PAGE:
What is it?
Ozone, or trioxygen (O3), is a gas that is concentrated in the atmosphere to absorb most of the sun’s harmful (UV) rays. If you could see it, it would be a pale blue gas that smells like chlorine. It has industrial and consumer applications related to oxidation. This same oxidizing potential causes damage to mucous and respiratory tissues in animals, and plants. This makes ozone a potent respiratory hazard and pollutant near ground level. This happens when pollutants from cars, power plants, and other sources react in the presence of sunlight. It becomes a harmful pollutant known as “smog”. Ozone also has detrimental effects on agriculture as it interferes with photosynthesis and stunts the growth of some plan species.
When does it occur?
Ozone can reach unhealthy levels on hot sunny days in urban environments, but can also occur during colder weather.
Who is at risk?
People most at risk (members of “sensitive groups”) are people with asthma, children, older adults, and people who are active outdoors, especially outdoor workers. Children are at greatest risk from exposure because their lungs are still developing and they are likely to be active outdoors when ozone levels are high.
What symptoms might occur?
Ozone may cause irritation to the eyes, nose, throat and lungs. Cough, wheezing and shortness of breath may occur, which can lead to an worsening of your asthma, bronchitis or COPD.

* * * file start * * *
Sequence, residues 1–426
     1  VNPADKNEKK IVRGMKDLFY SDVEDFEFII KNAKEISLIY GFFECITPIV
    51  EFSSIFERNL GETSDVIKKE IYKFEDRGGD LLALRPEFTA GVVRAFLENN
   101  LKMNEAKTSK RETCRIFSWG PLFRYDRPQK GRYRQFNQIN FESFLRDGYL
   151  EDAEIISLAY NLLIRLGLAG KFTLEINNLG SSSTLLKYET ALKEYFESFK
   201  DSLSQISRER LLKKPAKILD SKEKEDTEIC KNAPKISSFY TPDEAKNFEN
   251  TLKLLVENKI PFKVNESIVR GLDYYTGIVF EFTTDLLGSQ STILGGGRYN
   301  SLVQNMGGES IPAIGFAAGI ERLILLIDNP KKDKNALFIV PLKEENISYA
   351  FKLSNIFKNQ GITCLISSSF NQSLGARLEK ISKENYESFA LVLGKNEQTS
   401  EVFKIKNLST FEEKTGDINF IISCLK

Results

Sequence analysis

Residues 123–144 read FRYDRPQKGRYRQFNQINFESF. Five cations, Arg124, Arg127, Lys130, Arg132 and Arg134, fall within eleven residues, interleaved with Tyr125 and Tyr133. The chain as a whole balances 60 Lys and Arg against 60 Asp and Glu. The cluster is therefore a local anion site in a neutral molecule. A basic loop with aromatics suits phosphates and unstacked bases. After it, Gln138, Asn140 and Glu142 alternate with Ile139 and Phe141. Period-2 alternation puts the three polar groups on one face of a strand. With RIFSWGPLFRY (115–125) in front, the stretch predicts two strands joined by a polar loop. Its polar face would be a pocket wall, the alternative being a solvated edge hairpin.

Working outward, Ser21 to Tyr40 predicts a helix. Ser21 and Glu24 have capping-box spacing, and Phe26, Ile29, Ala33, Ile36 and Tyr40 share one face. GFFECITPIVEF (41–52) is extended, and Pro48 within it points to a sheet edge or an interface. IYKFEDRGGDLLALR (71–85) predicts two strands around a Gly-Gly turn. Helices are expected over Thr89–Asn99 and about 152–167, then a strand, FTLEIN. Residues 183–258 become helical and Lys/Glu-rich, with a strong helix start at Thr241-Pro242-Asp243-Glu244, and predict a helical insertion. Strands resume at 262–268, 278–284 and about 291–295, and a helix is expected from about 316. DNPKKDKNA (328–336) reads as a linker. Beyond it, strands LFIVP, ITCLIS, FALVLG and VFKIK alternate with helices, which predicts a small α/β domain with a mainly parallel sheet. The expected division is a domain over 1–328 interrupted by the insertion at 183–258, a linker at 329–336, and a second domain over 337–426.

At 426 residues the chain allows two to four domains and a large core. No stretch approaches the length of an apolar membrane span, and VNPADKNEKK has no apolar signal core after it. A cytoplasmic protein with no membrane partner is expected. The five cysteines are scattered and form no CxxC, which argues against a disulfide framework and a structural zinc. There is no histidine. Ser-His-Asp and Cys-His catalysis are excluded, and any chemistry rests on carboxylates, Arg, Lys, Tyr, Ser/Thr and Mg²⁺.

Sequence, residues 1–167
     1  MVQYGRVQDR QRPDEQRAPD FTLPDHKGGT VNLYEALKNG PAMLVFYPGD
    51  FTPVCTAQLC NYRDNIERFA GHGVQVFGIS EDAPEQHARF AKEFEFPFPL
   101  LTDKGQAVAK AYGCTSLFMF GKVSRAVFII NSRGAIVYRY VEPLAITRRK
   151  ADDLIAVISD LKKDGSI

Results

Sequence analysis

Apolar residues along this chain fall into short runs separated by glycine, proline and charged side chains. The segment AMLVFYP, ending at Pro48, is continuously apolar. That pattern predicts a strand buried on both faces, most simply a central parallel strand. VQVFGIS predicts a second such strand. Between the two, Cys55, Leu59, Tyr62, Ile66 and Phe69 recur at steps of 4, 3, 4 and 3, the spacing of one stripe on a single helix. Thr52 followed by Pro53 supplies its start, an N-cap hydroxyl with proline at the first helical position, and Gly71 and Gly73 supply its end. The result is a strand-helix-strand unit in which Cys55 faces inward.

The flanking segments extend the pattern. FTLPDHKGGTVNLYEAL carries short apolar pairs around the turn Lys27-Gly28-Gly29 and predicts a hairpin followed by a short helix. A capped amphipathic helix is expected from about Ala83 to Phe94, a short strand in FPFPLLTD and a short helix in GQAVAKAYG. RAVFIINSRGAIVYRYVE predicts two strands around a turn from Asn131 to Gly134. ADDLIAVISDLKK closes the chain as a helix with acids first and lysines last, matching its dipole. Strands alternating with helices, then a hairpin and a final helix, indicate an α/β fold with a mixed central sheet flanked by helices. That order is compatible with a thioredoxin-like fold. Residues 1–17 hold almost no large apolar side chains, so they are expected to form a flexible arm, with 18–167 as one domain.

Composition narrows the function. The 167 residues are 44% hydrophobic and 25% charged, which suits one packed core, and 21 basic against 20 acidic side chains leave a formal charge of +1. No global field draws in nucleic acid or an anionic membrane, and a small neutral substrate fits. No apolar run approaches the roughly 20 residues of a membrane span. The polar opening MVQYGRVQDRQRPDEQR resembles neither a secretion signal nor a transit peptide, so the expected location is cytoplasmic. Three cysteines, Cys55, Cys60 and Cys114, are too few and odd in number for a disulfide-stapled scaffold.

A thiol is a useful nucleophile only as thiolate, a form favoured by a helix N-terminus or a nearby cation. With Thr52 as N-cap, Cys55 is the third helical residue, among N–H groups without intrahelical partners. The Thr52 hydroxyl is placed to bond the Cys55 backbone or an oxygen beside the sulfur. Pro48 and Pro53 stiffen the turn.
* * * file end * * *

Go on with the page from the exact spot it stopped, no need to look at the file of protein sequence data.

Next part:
How can we avoid ozone?
The EPA has devised national and regional rules to reduce emissions of pollutants. These regulations are helping to improve air quality. Actions include industrial, vehicle and transportation standards as well as haze and visibility rules. We can reduce ozone by finding ways reduce unnecessary driving by taking mass transit, carpooling or combining trips. Gas up your vehicle in the early morning or late evening hours. Reduce or eliminate fireplace or wood stove use. Avoid burning leaves, trash or other materials. Avoid using gas-powered lawn and garden equipment. If you can’t avoid it, wear a mask or limit your time outdoors during high ozone days.
How can you monitor ozone levels?
The EPA has developed an Air Quality Index (AQI) to help explain air pollution levels. Under current standards, air quality is reported as levels between “good” and “hazardous”. Air quality forecasts are often given with weather forecasts on handheld devices, online or in the paper or television. You can check ozone levels and other daily air quality information by visiting https://www.airnow.gov and in many areas you can receive air quality notifications through http://www.enviroflash.info.